“It is not the critic who counts; not the man who points out how the strong man stumbles, or where the doer of deeds could have done them better. The credit belongs to the man who is actually in the arena, whose face is marred by dust and sweat and blood; who strives valiantly; who errs, who comes short again and again, because there is no effort without error and shortcoming; but who does actually strive to do the deeds; who knows great enthusiasms, the great devotions; who spends himself in a worthy cause; who at the best knows in the end the triumph of high achievement, and who at the worst, if he fails, at least fails while daring greatly, so that his place shall never be with those cold and timid souls who neither know victory nor defeat.”
    ― Theodore Roosevelt

    One note…I didn’t quote TR to imply the project is or will be failure…far from it! I quoted him because the underlying meaning behind the passage is that daring to achieve what is most difficult and not achieving perfection is far better than to never try at all.


  2. Jonas Jensen says:

    I am impressed with the idea of reading it out aloud.
    Just reading a bedtime story to my youngest son always makes me yawn after 2 pages. Then again after 4 etc. But I suppose you don’t have too look at someone comfortably lying in the bed while you are reading.
    Are you taping (or whatever it is called) the reading, so there will be a cd following, kind of like Roy Underhill reading “The joiner and cabinetmaker”?
    Keep up the good work.


    • tsstahl says:

      Spoken word marquetry?
      You _really_ want to abdicate your bed time reading, don’t you?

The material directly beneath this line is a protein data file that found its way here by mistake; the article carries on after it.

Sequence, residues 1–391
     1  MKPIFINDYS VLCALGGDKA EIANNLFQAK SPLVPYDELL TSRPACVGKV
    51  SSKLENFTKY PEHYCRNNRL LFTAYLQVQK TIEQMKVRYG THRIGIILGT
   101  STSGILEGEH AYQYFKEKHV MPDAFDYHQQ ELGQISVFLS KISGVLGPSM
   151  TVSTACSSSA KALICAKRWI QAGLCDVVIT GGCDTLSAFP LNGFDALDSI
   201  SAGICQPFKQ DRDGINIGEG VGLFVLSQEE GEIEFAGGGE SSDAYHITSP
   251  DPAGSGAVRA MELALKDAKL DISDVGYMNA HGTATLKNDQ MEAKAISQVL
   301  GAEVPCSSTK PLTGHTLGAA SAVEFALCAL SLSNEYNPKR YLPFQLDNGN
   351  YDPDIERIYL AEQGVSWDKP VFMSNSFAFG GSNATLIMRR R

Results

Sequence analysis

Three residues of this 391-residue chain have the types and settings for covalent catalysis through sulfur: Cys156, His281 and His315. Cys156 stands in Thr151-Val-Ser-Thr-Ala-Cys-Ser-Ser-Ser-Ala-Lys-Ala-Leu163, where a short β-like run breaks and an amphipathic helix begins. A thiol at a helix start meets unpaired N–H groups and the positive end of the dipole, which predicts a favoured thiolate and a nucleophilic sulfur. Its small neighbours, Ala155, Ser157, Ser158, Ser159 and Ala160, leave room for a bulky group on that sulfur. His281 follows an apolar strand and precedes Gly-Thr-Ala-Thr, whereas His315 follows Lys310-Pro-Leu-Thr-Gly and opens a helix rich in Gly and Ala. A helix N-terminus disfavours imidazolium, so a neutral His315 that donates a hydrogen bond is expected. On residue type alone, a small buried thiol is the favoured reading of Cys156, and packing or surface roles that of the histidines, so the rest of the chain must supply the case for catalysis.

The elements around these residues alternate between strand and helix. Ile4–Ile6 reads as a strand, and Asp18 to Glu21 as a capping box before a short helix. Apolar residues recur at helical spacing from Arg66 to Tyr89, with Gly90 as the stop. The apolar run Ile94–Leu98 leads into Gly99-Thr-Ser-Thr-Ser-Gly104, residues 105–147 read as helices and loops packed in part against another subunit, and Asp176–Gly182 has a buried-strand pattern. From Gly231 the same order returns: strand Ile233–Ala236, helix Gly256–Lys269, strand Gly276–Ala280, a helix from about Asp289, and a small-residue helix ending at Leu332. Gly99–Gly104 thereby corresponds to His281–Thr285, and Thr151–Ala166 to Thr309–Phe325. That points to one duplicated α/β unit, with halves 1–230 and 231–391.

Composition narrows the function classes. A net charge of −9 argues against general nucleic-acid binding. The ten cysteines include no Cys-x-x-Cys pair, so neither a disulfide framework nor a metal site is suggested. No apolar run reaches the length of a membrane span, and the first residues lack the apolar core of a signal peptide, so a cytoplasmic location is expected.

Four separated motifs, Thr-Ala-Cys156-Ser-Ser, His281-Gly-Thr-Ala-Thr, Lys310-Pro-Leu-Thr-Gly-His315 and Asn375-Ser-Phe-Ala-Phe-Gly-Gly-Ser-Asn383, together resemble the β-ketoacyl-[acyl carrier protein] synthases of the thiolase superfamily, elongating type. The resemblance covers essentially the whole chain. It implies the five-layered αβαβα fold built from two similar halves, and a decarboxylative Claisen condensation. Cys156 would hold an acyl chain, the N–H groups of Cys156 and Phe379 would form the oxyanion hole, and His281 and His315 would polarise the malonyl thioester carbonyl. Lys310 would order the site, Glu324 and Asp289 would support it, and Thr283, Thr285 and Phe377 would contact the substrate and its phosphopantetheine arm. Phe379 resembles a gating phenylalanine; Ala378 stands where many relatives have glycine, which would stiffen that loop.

• Don Williams says:

      Since we interrupt ourselves frequently, or stop to write notes on the galley page, no, we are not recording these sessions. But, I am not opposed to the concept. Perhaps I will record a short session and send it to Chris for consideration of doing the larger work, or simply leave it in the hands of a more mellifluous voice. Since much of the text refers to illustrations and locations within those illustrations, I am not entirely sure how that would work.


  3. Patrick J Ahern says:

    Thank you all for what you are doing. I am anxiously looking forward to the day I walk out to the mail box and find my copy.


    Patrick Ahern


  4. Bruce says:

    I’d like to second the idea of an ‘audio’ book/cd. Then you can listen to the work while relaxing without being crushed by the mass of paper. Also easier to listen on public transport while juggling a book, or driving down the road……..


  5. Nathan Beal says:

    I forget how far back this was from, but there was a time where people considered the only right way of reading to be reading aloud. People, even when alone, simply did not read text to echo around in their heads. Text was meant to preserve the spoken word so that it could be spoken aloud once again.


  6. Bob Davidson says:

    I really appreciate the Lost Art Press’s dedication to quality and longevity in a world dominated too heavily by a “throw away” mentality.


  7. Josh says:

    Will there be a kindle version of this book?


  8. AL Ondic says:

    Don & company, appreciate the Roubo translation effort you have taken on. Thanks.


  9. Jack Bazemore says:

    After the book is published, will you be offering any of the images for sale, as in posters?


  10. I look forward to the end and to being able to have my own copy of your great work. Thanks for the effort and time.